RICHMOND, VA (WWBT) - It's a shutdown scenario that is possible for Virginia – would Gov. Terry McAuliffe refuse to sign the budget, if Medicaid expansion failed to pass the General Assembly?
McAuliffe made Medicaid expansion a critical campaign promise last summer. The Governor pledged to bring healthcare to 400,000 Virginians who have incomes too high for Medicaid, but too low to afford quality health insurance.
In an interview Tuesday, Gov. McAuliffe backed off the threat of a government shutdown. His comments contrasted from statements made on the camping trail, when he promised not to sign a budget unless it included Medicaid expansion.
"The only ones who are talking about a shutdown are the Republican leadership," McAuliffe said. "We can get this done. It's the right thing to do – to bring our tax dollars back to Virginia."
Republican House Speaker William Howell (R-Stafford) expressed optimism that a shutdown would be avoided, but said Virginia is not ready for Medicaid expansion.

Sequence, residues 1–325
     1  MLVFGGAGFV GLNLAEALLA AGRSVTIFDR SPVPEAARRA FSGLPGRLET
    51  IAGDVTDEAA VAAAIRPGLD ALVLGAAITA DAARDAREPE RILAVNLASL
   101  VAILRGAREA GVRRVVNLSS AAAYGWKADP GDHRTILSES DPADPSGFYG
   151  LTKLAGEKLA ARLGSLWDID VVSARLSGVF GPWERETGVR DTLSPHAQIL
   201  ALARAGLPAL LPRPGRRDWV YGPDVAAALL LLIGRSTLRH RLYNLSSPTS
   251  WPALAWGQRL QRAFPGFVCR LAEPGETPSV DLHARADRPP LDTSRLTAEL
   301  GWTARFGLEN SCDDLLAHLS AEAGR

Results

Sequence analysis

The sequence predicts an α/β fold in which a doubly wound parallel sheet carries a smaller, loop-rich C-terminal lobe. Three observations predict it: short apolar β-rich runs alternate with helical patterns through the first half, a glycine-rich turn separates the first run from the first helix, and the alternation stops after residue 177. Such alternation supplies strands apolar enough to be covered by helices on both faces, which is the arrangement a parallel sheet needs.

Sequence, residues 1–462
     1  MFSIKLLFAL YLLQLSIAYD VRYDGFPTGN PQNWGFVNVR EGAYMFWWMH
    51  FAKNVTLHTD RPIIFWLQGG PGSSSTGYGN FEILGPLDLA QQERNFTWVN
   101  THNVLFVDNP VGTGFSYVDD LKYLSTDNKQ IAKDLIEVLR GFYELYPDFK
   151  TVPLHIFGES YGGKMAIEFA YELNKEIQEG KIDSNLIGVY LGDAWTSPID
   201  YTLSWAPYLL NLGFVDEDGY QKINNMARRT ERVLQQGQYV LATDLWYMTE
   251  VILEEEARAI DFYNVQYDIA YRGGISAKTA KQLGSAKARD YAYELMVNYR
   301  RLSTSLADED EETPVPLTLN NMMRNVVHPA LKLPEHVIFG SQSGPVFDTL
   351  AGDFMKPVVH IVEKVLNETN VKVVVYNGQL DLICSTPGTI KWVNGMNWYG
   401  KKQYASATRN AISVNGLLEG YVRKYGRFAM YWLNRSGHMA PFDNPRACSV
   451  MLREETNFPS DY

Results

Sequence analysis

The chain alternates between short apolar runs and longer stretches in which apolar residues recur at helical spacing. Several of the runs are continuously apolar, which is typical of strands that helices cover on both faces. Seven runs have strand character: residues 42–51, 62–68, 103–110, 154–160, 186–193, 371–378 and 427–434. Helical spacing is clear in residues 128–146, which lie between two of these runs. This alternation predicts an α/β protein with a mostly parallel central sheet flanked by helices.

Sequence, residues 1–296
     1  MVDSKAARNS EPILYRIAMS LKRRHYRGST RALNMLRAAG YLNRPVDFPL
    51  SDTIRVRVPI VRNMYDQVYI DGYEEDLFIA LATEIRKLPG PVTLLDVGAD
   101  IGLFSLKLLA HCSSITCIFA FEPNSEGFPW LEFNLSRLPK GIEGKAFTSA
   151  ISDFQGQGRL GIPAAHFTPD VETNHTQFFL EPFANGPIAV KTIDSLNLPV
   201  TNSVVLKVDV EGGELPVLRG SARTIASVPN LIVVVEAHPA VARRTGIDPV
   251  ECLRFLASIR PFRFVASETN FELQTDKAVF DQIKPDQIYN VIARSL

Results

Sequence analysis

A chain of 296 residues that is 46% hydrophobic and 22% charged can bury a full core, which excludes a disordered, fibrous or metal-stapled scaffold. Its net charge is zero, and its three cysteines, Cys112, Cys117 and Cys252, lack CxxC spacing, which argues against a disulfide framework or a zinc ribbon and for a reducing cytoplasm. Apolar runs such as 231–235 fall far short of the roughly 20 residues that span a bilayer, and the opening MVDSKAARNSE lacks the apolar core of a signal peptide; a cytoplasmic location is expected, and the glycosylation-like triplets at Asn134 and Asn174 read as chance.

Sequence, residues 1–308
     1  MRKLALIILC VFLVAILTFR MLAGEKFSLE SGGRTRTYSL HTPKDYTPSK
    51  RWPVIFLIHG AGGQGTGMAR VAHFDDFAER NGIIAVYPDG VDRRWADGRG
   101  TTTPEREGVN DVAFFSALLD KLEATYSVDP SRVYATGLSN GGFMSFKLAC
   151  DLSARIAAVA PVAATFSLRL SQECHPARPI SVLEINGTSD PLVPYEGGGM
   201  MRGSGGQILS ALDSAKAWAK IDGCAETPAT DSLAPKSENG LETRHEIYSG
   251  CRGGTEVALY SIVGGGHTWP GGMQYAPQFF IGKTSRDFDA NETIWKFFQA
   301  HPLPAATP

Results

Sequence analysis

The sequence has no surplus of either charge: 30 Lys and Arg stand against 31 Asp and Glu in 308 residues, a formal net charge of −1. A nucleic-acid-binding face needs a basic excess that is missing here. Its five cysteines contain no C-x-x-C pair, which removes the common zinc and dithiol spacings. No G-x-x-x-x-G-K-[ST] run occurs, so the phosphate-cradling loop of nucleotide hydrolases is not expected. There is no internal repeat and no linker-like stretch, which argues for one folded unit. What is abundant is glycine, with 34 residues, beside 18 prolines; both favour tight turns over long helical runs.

"[Medicaid spending] has grown over 1,600 percent over the past 30 years," Howell said in an interview Tuesday. "And every dollar that we don't take from the federal government is one less dollar they have to borrow."
The problem, in part, stems from trust with Washington. States now have the option of expanding Medicaid to thousands, with the federal government picking up most of the tab. But Republicans do not believe Washington will be able to pay for more Virginia hospital bills because of current federal spending levels.
"They just don't have the ability to follow through," Howell said. "They are $17 trillion in debt today. They're adding to that debt anywhere between a trillion and a half a trillion a year."
But McAuliffe defended the federal government's ability to keep its end of the deal, and said Virginia could change course if Washington backed out of its promise.
"First of all, they've never backed out of their commitment to Medicare," McAuliffe said. "But if they change [the Medicaid deal], we change it. That's a simple part of negotiations to do. I've been open to that."
There is now a compromise plan in the Senate tentatively called "Marketplace Virginia," where Medicaid dollars would be used to fund private health insurance options. McAuliffe said he would be open to the proposal.
"You know, maybe I'm the ultimate optimist here, but I believe we're going to get it done," McAuliffe said of expansion. "These 400,000 Virginians are still going to go to an emergency room. They will be treated. Somebody will pay for that. That cost will be borne by our businesses."
The apparent stalemate comes at a time when the 2014 session of the Virginia General Assembly is near conclusion. Lawmakers in Richmond are just two and a half weeks away from the session's March 8 adjournment.